News on 13 July 2016

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1)   Formosa unit suspected of burying untreated waste in central Vietnam

Authorities in the central province of Ha Tinh said they are looking into allegations that a unit of Taiwanese firm Formosa buried industrial waste in a private farm with the help of the property's owner. The scandal came as Formosa Ha Tinh Steel Corp. (FHS) is still struggling with a public relations disaster following mass fish deaths in the central region. Vo Ta Dinh, director of the provincial Department of Natural Resources and Environment, said Tuesday (Jul 12) that authorities had unearthed around 100 tons of muddy waste allegedly disposed of by FHS in a farm. The farm, which grows mostly banana and cajuput trees, is owned by Le Quang Hoa, the director of state-owned Urban Environment Company in Ky Anh Town. Dinh said samples of the waste were collected for testing. Authorities also confiscated equipment used to bury the waste after inspecting the farm on Monday (Jul 11).

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2)   Intra-Asia cable system broken

The Intra Asia (IA) cable system connecting Việt Nam to Hongkong and the United States was reportedly broken. The damage will be repaired between July 12 and 19. The break will slow down Internet speed between Việt Nam and other countries. The cable was broken some 45km off the coast of Singapore. The IA is used by major local providers FPT, Viettel and CMC. According to Viettel Group, they will be the most affected Internet provider, so they have transferred traffic from IA to the Asia America Gateway (AAG) undersea cable to maintain the quality of the connection. The AAG in late June also had technical problem but had been fixed. Other Internet providers are mainly using the AAG and landlines, so they will not be as affected by the IA breakdown. The group said they were working with their partner, Tata Communications, the operator of the IA connection to Singapore, to fix the damage. The IA undersea cable system was officially launched in November 2009, connecting Singapore, Việt Nam, the Philippines, Hong Kong and Japan. The 6,800km-long system boasts a data transfer speed of 3.84Tbps.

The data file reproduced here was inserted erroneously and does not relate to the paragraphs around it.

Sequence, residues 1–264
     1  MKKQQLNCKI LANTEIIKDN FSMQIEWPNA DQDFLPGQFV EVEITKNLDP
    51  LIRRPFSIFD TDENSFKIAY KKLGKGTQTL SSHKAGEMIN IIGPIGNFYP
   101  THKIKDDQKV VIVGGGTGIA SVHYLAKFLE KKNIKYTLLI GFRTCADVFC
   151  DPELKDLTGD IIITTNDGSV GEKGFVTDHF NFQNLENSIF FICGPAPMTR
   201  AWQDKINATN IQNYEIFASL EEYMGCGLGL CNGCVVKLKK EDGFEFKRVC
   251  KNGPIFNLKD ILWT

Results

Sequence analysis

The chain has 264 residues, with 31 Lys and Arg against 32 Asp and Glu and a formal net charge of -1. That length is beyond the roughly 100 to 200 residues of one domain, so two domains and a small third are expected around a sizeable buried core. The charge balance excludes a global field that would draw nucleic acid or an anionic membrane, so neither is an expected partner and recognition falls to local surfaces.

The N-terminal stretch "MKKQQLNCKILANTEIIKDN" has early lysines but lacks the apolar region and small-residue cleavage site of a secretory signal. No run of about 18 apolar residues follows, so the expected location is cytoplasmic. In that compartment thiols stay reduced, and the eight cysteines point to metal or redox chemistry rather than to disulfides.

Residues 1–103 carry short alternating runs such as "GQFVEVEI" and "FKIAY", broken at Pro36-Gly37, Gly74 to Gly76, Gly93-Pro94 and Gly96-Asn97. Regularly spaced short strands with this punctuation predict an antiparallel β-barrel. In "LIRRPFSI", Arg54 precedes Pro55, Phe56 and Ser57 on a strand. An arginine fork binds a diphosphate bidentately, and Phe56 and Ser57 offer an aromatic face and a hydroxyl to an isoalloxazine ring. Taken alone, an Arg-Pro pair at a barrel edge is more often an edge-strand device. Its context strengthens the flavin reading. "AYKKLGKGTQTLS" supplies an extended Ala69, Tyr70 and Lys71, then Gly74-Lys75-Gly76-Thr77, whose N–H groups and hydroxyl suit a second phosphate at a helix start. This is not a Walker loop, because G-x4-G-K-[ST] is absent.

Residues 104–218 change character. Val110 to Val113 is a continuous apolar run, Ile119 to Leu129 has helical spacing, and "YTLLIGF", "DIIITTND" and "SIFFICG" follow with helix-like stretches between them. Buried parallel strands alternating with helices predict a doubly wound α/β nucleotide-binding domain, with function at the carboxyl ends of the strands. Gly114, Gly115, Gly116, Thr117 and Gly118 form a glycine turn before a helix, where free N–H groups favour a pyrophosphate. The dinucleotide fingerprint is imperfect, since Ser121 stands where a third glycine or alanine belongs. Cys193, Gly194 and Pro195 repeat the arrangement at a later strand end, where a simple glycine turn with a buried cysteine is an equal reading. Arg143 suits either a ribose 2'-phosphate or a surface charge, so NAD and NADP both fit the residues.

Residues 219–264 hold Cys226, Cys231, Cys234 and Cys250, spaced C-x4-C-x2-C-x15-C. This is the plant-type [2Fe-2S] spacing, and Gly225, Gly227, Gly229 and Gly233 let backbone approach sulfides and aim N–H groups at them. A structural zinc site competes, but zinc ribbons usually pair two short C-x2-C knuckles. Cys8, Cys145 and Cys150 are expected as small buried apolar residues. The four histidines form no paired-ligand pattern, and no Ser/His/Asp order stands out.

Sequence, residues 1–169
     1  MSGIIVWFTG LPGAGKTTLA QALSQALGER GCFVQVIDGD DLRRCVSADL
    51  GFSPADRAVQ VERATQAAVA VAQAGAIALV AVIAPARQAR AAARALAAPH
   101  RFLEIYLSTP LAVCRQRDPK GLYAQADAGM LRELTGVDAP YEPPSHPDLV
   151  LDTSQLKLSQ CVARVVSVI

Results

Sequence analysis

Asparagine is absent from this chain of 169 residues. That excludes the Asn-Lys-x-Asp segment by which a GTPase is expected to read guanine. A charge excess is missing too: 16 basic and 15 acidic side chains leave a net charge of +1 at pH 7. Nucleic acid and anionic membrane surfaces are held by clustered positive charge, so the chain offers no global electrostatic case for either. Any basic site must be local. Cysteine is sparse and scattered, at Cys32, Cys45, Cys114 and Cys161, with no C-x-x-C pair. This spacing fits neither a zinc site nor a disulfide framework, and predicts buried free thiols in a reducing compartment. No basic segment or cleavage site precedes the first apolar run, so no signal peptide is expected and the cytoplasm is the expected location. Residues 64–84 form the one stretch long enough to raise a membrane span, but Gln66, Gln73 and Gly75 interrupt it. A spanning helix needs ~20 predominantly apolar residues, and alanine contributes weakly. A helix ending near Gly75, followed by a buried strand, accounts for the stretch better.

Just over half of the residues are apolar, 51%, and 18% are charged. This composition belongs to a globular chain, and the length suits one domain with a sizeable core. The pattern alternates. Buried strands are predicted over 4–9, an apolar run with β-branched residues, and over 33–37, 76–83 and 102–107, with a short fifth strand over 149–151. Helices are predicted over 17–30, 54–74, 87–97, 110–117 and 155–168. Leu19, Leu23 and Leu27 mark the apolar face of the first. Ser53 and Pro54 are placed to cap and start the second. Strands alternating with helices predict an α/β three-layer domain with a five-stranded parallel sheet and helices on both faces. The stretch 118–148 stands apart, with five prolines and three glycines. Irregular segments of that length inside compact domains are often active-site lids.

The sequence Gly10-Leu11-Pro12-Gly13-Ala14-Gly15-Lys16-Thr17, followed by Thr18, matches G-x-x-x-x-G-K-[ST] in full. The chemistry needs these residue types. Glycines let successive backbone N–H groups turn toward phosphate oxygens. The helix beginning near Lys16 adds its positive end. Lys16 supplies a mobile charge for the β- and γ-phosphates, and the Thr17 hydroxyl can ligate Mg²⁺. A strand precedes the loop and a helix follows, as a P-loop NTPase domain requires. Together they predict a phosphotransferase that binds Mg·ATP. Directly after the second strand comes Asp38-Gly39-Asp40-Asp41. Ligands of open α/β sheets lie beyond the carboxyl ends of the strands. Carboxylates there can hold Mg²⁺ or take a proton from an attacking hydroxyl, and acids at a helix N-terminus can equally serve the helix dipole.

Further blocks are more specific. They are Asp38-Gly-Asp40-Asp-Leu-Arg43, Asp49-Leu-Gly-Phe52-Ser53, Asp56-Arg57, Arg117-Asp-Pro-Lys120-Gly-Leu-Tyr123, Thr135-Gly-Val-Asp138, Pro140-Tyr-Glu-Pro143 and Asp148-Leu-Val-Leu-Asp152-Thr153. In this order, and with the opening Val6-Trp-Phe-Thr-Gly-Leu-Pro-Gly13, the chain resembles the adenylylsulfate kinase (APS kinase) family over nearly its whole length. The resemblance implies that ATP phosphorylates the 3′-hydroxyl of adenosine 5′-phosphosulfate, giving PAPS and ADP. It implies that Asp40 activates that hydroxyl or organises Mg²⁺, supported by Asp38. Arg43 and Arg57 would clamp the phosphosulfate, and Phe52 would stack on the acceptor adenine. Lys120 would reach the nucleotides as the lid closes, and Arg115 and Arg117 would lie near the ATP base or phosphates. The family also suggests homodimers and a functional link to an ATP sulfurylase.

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3)   Japan's Takashimaya to open first store in Vietnam

Takashimaya, a popular luxury department store chain in Japan, is set to launch its first outlet in Vietnam this month, local media reported on Tuesday (Jul 12). The 185-year-old operator has invested $25 million in the five-floor store, which is located at Saigon Centre building in downtown Ho Chi Minh City, according to news website Saigon Times Online. With 19 stores around Japan and another three in Singapore, Shanghai and Taipei, Takashimaya has been expanding its businesses in Asia, it said. Its first store in Thailand is expected to be opened in Bangkok next year. In a report published last month, news website Nikkei Asian Review said the retailer's net profit in March-May declined by 44 percent year-on-year to 3.5 billion yen ($34.1 million). The company forecasts its net profit to grow 1 percent to 24 billion yen ($235.65 million) this year, the website reported.